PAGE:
Hair. We cut it, perm it, straighten it, pull it tight, leave it loose, change its color, let it grow, love it, and complain about it, amongst so many other things.

Hair. It is more than just that “thing” that keeps your head warm during the winter. At one point in life, it was a chunk of my identity. It was part of me that my mother could not tame when I was a child. “Córtale ese pelo ya,” the local Dominican hairstylist would tell her as she lovingly puffed on a cigarette and yanked my hair straight. “Pelo bonito aguanta jalones, niña,” she would graciously remind me.  Even she did not want to deal with my hair. It was the part of me that remained in a braid for so much of my childhood because I thought my naturally curly, at times frizzy, hair was ugly.

It was the part of me that I tried desperately, in my naïve youthful days, to assimilate by coating it in Dominican relaxers to the point where it took on the identity of a wet mop. I wanted to easily style my hair like all my pelo lacio having friends would. As I got older and had my heartbroken, it was what I cut off to symbolically, “shed the weight.” “New me!”, I would boldly declare.

Hair. There is so much power in hair. It can set the tone for the day when it behaves the way we want it to. It can hide certain facial imperfections and make us feel safe. When sickness rears its ugly head and we lose it, it can either empower us or knock the wind out of us.

While hair can mean so much to us, I have come to learn that it does not, in any way, truly define us. Rather, it is that little extra oomph we have that helps elevate our self-esteem. It was the first thing my husband noticed when he saw my head full of curls, but it was my sense of humor, personality, love of Hip-Hop and other assets(Ha!)  that sealed the deal. All those times when I cut my hair after being dumped, it was really my ego saying, “Let him go as easily as you are letting go of this hair.” As a new mom, I let it down and let my daughter explore the texture of it, exposing her to a new sense of touch.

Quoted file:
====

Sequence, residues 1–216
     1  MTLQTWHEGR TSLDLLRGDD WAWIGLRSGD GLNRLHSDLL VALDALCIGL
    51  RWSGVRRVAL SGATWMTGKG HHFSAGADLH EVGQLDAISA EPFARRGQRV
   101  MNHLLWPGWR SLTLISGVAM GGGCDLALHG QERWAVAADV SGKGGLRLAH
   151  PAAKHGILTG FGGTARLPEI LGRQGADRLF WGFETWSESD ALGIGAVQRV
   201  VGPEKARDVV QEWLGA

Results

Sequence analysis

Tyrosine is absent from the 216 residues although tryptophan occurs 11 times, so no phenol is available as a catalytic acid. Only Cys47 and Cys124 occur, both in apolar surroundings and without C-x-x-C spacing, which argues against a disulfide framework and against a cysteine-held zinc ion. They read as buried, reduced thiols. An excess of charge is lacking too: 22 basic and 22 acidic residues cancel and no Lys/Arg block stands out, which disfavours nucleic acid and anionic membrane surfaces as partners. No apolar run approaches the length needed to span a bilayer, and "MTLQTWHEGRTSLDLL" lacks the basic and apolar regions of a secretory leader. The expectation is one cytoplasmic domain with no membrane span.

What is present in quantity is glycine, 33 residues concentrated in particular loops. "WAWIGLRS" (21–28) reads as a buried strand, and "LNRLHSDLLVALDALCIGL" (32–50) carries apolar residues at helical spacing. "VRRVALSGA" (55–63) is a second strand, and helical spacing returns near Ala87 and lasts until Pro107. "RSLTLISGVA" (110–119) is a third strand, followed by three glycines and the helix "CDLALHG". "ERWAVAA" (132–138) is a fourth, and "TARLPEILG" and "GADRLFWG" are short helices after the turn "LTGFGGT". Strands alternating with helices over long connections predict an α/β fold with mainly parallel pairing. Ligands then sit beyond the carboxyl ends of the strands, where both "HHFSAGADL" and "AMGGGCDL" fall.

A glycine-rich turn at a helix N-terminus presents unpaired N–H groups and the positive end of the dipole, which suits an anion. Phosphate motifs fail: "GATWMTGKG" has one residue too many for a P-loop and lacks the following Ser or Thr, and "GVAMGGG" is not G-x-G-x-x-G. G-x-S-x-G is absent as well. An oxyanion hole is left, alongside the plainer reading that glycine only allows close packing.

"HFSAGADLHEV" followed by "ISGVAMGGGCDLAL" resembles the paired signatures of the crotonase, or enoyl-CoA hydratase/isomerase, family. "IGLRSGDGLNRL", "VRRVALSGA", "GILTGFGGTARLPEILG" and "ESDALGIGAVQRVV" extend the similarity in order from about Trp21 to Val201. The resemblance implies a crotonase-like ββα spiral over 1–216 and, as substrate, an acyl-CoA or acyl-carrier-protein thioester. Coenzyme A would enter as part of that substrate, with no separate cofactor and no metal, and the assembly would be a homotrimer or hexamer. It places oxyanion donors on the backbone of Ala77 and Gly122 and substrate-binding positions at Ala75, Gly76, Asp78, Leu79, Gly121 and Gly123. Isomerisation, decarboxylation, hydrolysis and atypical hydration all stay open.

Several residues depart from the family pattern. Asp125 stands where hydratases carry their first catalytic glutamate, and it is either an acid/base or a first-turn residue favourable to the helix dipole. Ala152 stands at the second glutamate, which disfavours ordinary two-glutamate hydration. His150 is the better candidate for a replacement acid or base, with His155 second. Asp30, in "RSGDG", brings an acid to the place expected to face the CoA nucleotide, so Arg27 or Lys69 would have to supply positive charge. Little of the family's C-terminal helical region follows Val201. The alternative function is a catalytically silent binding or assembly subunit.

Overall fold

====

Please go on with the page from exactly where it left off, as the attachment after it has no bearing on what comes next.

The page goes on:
So, here’s to hair! That wonderful bouncy, curly, straight, thinning, full-bodied, at times colorful accessory provided to us. Thank you, hair, for taking all the abuse that I have hurled at you over the years. Thank you for helping me feel empowered, safe, and downright beautiful.


by Patricia Gonzalez

Photo by Ivana Cajina

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